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Prokaryotes

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Prokaryotes

  1. 1. PROKARYOTES Domain Bacteria Domain Archaea (Chapter 16, sections 7-17) I. Characteristics of Prokaryotes • A. Sizes and shapes • coccus bacillus spirillum p.334 1
  2. 2. I. Characteristics of Prokaryotes • A. Sizes and shapes • B. No nucleus Bacterial Genes • Bacteria have a single chromosome – Circular molecule of DNA • Many bacteria also have plasmids – Self-replicating circle of DNA that has a few genes – Can be passed from one cell to another 2
  3. 3. cytoplasm, with ribosomes DNA, in nucleoid pilus bacterial flagellum outer capsule cell wall plasma membrane Fig. 21-2, p.334 I. Characteristics of Prokaryotes • A. Sizes and shapes • B. No nucleus • C. Most have cell walls • cytoplasm, with ribosomes DNA, in nucleoid pilus bacterial flagellum outer capsule cell wall plasma membrane Fig. 21-2, p.334 3
  4. 4. Prokaryotic Body Plan DNA capsule plasma ribosomes in membrane cytoplasm bacterial flagellum pilus cytoplasm cell wall Gram + Gram - Relates to level of peptidoglycan in cell wall Fig. 21-4, p.335 4
  5. 5. I. Characteristics of Prokaryotes • A. Sizes and shapes • B. No nucleus • C. Most have cell walls • D. Flagella • E. Pili cytoplasm, with ribosomes DNA, in nucleoid pilus bacterial flagellum outer capsule cell wall plasma membrane Fig. 21-2, p.334 Fig. 21-3c, p.335 5
  6. 6. sex pilus Conjugation Transfer of plasmid Fig. 21-6, p.337 I. Characteristics of Prokaryotes • A. Sizes and shapes • B. No nucleus • C. Most have cell walls • D. Flagella • E. Pili • F. Metabollic diversity 6
  7. 7. I. Characteristics of Prokaryotes • A. Sizes and shapes • B. No nucleus • C. Most have cell walls • D. Flagella • E. Pili • F. Metabollic diversity • G. Reproduce by fission 7
  8. 8. II. Prokaryotic growth and reproduction • Growth through numbers • Processes Stepped Art Fig. 21-5, p.335 Fig. 21-5, p.335 8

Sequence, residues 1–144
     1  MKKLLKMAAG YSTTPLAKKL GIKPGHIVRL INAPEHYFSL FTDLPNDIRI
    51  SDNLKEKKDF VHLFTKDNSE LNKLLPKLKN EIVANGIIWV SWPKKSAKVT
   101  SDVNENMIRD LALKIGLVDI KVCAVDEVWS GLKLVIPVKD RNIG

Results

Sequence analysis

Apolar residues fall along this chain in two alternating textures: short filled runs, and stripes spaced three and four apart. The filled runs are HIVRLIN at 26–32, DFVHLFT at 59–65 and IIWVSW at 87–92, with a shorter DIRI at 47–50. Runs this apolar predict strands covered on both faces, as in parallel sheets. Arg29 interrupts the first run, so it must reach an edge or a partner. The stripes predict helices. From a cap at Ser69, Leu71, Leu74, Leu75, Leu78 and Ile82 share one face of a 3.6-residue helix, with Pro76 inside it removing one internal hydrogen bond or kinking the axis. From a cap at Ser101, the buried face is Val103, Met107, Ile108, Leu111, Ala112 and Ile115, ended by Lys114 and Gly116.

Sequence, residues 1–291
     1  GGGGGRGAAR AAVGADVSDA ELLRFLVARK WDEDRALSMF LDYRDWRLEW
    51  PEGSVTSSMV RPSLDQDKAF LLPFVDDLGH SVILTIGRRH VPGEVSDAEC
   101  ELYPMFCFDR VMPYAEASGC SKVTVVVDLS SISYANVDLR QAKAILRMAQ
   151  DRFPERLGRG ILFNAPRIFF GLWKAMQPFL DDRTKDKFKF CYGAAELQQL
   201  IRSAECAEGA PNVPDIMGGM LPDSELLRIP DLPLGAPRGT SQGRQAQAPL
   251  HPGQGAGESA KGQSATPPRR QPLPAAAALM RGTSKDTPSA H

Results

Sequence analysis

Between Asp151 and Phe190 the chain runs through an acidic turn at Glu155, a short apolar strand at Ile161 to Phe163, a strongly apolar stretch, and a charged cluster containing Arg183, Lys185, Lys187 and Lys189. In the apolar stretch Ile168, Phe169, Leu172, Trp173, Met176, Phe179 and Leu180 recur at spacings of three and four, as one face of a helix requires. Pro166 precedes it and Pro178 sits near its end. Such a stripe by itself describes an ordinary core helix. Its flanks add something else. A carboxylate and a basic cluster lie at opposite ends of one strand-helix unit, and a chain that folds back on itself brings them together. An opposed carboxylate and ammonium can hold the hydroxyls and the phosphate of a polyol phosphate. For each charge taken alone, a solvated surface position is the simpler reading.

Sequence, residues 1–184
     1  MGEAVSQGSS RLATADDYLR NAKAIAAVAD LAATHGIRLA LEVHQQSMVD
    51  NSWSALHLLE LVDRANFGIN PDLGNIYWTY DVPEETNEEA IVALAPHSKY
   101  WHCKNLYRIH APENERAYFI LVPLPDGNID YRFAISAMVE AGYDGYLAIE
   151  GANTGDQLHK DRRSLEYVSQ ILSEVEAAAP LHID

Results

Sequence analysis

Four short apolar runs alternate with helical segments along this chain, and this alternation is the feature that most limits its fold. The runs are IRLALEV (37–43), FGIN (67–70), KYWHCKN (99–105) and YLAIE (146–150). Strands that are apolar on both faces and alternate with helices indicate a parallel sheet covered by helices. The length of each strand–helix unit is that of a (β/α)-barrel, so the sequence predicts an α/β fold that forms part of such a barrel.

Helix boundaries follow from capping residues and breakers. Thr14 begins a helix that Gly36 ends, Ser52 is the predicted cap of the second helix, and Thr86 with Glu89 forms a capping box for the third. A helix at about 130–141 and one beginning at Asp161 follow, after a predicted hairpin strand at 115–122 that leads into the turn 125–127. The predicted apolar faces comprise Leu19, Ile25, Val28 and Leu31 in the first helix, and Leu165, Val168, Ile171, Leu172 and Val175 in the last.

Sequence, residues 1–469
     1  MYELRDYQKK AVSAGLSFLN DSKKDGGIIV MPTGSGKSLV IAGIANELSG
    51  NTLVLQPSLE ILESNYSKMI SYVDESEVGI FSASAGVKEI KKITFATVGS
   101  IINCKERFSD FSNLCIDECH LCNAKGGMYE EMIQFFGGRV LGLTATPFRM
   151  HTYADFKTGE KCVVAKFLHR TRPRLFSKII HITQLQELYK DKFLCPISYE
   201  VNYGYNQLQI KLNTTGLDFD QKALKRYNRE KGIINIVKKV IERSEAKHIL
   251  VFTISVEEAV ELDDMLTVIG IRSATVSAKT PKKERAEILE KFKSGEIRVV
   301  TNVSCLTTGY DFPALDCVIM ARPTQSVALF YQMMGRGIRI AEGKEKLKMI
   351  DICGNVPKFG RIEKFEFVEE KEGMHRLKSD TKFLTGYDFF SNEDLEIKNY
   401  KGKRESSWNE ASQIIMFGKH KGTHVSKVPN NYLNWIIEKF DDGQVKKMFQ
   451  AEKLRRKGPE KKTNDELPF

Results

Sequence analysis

9. 9. III. Classifying Prokaryotes • Lots of gaps, very diverse group • Biochemical analysis III. Classifying Prokaryotes • Lots of gaps, very diverse group • Biochemical analysis • Often use numerical taxonomy/strains for comparative purposes. Biochemical analysis indicated first genetic divergences occurred soon after life originated. to ancestors of eukaryotic cells DOMAIN BACTERIA DOMAIN ARCHAEA biochemical and molecular origin of life p.337 9
  10. 10. IV. Domain Bacteria • A. Representative Groups Bacterial Diversity Fig. 21-7a, p.338 Bacteria • Includes most familiar bacteria • Have fatty acids in plasma membrane • Most have cell wall; always includes peptidoglycan • Classification based largely on metabolism 10
  11. 11. Bacterial Diversity • Photoautotrophic – Aerobic (Cyanobacteria) – Anaerobic (Green bacteria) • Chemoautotrophic – Important in nitrogen cycle • Chemoheterotrophic – Largest group Cyanobacteria resting spore photo- synthetic cell heterocyst Fig. 21-8a, p.339 11
  12. 12. Proteobacteria Monophyletic, gram - Example: Rhizobium sp. Chlamydia • Parasitic within animals to obtain ATP • One genus – species produce STD 12
  13. 13. Spirochaetes Borelia burgdorferi (Lyme disease) Gram positives Not a monophyletic group 13
  14. 14. DNA spore coat capsule around cell wall Fig. 21-8d, p.339 14
  15. 15. V. Domain Archaea V. Domain Archaea • A. How they differ from bacteria • How they are similar to eukaryotes clip 15
  16. 16. •Forms Fig. 21-11a, p.340 Fig. 21-11b, p.340 Archaens Methanogens Extreme halophiles Extreme thermophiles Cryophiles 16
  17. 17. Smallest known cell .. Nanoarchaeum equitans Fig. 21-12c, p.341 17

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